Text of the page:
Lee Duffield

Edited by Lee Duffield
Freedom and Truth

Annual festival showcases multicultural Queensland

Many people had a day of immersion into different cultures at the Queensland Multicultural Festival at the Roma Street Parklands in Brisbane’s CBD on Sunday, October 17.

Dance stage and food stalls, Roma Parklands Photo: Jin Kok

Dance stage and food stalls: Roma St Parklands on October 17. Photo: Jin Kok

Set over six performance areas, there were performances by ethnic dance groups, ensembles, traditional instruments groups and well known cultural performers like The View from Madeleine’s Couch.

Multicultural Affairs Minister Annastacia Palazczuk said in an earlier press release the event would show Queensland had a strong multicultural identity.

She said people would experience many of the state’s 200 cultures at the festival.

Russian ensemble

Among the acts on the “Unplugged Stage” was the Russian folkloric ensemble Samotsevty, who performed at similar events such as the Mariner’s Cove Fraser Coast Cultural Festival in south-east Queensland and the National Folk Festival in Canberra in the ACT.

Domra player Vladis Kosse said the Russian ensemble was established in 2000.

“The members come from the five republics of the former USSR – Russia, Ukraine, Kazakhstan, Kyrgyzstan, Uzbekistan,” he said.

Traditional Russian Costumes that Ensemble makes themselves Photo: Jin Kok

Traditional Russian costumes, which the ensemble make themselves. Photo: Jin Kok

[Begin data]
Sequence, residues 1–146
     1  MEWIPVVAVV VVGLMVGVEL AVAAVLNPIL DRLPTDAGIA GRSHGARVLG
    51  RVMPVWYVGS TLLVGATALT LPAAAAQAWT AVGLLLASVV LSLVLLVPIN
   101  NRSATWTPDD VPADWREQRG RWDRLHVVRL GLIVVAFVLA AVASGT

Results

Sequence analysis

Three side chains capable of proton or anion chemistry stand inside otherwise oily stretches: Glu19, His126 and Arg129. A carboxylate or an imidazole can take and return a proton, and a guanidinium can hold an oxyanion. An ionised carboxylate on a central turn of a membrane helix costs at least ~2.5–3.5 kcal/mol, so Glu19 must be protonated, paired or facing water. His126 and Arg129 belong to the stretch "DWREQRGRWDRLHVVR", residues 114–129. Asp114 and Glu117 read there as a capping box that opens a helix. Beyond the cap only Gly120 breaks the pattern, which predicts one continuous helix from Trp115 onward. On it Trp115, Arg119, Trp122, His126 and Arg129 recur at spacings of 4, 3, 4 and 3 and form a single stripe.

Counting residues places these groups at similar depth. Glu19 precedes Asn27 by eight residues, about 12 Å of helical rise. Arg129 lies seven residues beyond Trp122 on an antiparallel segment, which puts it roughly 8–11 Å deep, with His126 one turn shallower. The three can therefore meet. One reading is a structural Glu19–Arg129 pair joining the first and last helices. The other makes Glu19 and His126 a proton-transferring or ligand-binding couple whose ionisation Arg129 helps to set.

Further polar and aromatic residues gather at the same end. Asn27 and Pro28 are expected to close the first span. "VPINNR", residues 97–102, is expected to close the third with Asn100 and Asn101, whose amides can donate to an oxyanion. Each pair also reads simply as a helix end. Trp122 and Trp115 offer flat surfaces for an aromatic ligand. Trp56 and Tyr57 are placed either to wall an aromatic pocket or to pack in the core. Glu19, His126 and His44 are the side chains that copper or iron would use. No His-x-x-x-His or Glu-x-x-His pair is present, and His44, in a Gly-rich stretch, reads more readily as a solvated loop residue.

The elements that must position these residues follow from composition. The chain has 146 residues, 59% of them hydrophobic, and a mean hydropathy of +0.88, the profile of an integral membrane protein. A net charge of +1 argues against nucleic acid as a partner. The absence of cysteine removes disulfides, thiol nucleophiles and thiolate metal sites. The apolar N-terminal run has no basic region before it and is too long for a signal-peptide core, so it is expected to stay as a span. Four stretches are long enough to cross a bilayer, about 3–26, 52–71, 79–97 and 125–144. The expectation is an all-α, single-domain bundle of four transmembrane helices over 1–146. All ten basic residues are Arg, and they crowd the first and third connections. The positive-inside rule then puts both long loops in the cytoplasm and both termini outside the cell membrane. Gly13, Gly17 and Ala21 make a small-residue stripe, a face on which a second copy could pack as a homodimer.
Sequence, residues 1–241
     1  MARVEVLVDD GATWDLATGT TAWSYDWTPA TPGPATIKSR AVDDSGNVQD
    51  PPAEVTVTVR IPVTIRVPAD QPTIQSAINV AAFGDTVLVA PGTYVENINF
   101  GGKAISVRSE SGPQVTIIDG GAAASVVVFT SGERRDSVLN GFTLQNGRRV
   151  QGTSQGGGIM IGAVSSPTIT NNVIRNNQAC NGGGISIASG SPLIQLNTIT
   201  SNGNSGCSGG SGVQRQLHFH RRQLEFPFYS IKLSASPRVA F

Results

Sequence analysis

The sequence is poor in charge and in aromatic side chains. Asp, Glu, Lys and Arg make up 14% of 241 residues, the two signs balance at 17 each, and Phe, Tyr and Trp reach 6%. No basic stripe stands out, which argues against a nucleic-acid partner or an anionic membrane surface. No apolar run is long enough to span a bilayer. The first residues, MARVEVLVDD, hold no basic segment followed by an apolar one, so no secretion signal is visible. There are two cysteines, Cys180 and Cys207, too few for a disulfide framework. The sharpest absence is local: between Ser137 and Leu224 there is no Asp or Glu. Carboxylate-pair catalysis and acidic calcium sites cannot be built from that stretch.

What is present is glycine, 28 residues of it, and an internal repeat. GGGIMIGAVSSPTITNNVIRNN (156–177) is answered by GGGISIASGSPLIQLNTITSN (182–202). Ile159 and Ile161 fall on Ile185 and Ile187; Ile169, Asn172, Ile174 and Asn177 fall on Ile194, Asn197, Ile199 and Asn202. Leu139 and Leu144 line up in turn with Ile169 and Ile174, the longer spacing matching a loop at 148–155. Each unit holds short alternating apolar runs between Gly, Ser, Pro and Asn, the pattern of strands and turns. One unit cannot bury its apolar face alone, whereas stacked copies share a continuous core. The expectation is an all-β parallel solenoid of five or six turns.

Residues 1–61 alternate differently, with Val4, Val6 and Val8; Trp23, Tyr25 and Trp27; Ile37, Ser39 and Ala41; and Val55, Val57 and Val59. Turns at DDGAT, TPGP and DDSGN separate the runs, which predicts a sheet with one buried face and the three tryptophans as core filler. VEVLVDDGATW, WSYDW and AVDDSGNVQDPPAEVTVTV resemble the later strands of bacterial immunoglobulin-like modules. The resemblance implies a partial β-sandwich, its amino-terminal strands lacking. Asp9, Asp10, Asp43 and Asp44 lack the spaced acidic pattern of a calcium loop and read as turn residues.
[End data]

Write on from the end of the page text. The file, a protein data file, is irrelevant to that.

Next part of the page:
Mr Kosse’s wife, Alla Ekzarkho, is the founder and artistic director of the ensemble.

Mr Kosse says his wife is the only “professional” in the group and with her background as a piano teacher, she organises musical arrangements and leads rehearsals.

“One of the main objectives of the group is to collect Russian folklore, preserve it and perform it,” Mr Kosse said.

“Usually some of the songs we find in recorded music, books with songs that are brought in from Russia … it is difficult to find the text of songs with musical notes so she [his wife] has to write in the notes.

“It is also necessary to divide it to different voices like sopranos, altos, tenors and bass.”

Mr Kosse says the ensemble has performed at the festival at least four times.

“It is really important and people [ensemble members] are proud that they represent the Russian culture and Russian folklore,” he said.

Another performer, Obertas Polish dancer Matthew Swiderek, said he was very nervous before taking the stage.

“It is my first time doing it at this time – I’ve only started dancing this year,” he said.

‘Excellent crowd’

Meanwhile, Tribal of Jubal managed to get the crowd on their feet and dancing to its fusion of Papua New Guinea traditional music and western tunes.

dressing room after the show Photo: Jin Kok

Tribal of Jubal performers in dressing room after the show. Photo: Jin Kok

Ben Hakalitz, founder of Tribal of Jubal said the crowd was excellent.

“I love the Brisbane crowd and it’s a real multicultural setting, so people come here to expect something different every time,” he said.

He says Tribal of Jubal was formed in 2007 and fuses contemporary Melanesia rhythms with Western music by combing traditional and Western instruments.

Mr Hakalitz said the Brisbane Ethnic Multicultural Arts Council (BEMAC) a sponsor of the festival, first approached them to come and perform.

“It’s great, it’s fantastic, it’s the first time we have done the show with this line-up,” he said.

“We usually have one section and a keyboard player but we could not bring them all in so we had to do a different set.

“Hopefully if they like this, we will come with a full band next time – three horns – trumpet, trombone and saxophone and a keyboard.”